The Freshwater Research Centre (FRC) is on a quest to save South Africa’s most threatened migratory freshwater fish, the Clanwilliam sandfish. The Clanwilliam sandfish, listed as Endangered Species on the IUCN Red List, are at risk of going extinct within our lifetime due to invasive predators and excessive water abstraction. In response, the FRC has initiated Africa’s largest freshwater fish rescue effort! We spoke with Dr. Jeremy Shelton, a freshwater conservation biologist at the Freshwater Research Centre, to learn about the measures they are undertaking to protect the Clanwilliam sandfish and boost its population in its natural habitat.

Scientists, community members and students band together to rescue young sandfish in 2021 (© Jeremy Shelton)

What are the biggest challenges facing freshwater ecosystems in South Africa? How is the Freshwater Research Centre (FRC) helping to address them?

[Jeremy] South Africa’s freshwater systems are under building pressure from a potent cocktail of threats. This includes human impacts on water quality and quantity, habitat destruction, climate change and invasive species. Freshwater fishes are South Africa’s most threatened species group and the Fynbos region in the South-West corner of the country is a conservation hotspot for freshwater fish. At the Freshwater Research Centre, we work collaboratively with various organisations, individuals and communities to save threatened freshwater fish species from extinction by restoring river habitats through an initiative called Fynbos Fish Revival!

A sanctuary-reared sandfish is released back into the wild (© Jeremy Shelton)

What makes the Clanwilliam sandfish so important in South Africa’s freshwater ecosystems?

[Jeremy] Historically, Clanwilliam sandfish were widespread across the Olifants-Doring River basin in the South-West corner of the country, undertaking mass spawning migrations from river mainstems up into spawning tributaries. They use their peculiar down-turned mouths to graze algae and detritus, keeping river food webs clean and balanced. They also were an important food source for indigenous birds, otters and people of the area. Invasive fishes like black bass from North America and other human-linked impacts pushed the sandfish out of most of their native range, and today only a few small subpopulations persist in far-flung corners of the catchment.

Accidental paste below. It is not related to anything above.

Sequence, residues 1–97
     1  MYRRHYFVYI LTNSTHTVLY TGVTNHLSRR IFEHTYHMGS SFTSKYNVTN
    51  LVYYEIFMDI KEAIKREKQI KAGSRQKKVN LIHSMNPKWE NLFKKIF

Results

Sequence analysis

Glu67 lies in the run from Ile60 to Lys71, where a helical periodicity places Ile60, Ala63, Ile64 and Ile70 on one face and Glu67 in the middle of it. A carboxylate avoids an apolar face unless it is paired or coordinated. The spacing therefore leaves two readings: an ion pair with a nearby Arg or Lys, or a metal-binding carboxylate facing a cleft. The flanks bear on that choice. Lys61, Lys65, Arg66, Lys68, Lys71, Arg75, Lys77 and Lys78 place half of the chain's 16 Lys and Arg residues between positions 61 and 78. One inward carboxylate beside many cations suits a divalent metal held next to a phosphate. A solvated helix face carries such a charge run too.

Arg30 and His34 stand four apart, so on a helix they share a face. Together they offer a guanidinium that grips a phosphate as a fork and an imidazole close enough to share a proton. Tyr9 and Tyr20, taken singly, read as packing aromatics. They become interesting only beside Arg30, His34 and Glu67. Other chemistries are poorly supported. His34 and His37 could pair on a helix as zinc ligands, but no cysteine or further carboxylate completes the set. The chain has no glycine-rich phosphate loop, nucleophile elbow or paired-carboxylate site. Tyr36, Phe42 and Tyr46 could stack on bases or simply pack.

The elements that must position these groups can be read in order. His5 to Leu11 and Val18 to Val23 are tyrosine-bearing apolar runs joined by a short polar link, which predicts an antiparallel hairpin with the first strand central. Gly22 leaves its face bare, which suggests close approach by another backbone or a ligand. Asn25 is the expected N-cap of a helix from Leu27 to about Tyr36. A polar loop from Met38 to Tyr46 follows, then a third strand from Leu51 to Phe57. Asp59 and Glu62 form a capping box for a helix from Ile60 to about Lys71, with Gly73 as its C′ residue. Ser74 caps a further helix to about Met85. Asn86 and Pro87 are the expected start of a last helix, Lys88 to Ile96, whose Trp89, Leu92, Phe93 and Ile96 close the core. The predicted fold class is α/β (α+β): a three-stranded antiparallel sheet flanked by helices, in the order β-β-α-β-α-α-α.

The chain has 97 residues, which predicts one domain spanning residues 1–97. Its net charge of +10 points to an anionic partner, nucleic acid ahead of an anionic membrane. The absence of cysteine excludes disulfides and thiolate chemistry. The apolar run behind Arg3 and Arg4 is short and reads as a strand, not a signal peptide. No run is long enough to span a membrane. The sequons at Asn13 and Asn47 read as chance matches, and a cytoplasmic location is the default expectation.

An adult clanwilliam sandfish (© Jeremy Shelton)

What are the main threats that the Clanwilliam sandfish face, especially concerning its migration routes? How is the Freshwater Research Centre (FRC) working to protect this species?

[Jeremy] Flow in the Doring River and its tributaries is seasonal. In summer, the Doring River mainstem stops flowing, and sandfish survive the hot, dry summer months by seeking refuge in a handful of deep, murky pools that hold water throughout the year. They wait patiently in the depths until the winter rains bring flow and trigger their annual spawning migration. Sandfish migrate up tributaries like the Biedouw River to reach their preferred spawning areas, and they were once so plentiful that they turned the Biedouw into vast waves of gold as they moved en masse upstream to spawn. But today their numbers have dropped so low that they may well go extinct within our lifetime. In 2021 and 2022, scientists estimated that the spawning migration in the Biedouw River was less than 200 adult fish.

The spawning sandfish lay tens of thousands of eggs, but few to none survive and recruit to adulthood. The Biedouw and other sandfish spawning tributaries have become infested with North American predatory fish species like black bass and bluegill sunfish, which were introduced for angling a century ago. Bass and bluegill prey heavily on juvenile sandfish and, to make matters worse, excessive water abstraction in the catchment causes tributaries like the Biedouw (that once held water year-round) to dry up completely in summer. Any young sandfish that survive predation run out of water and perish.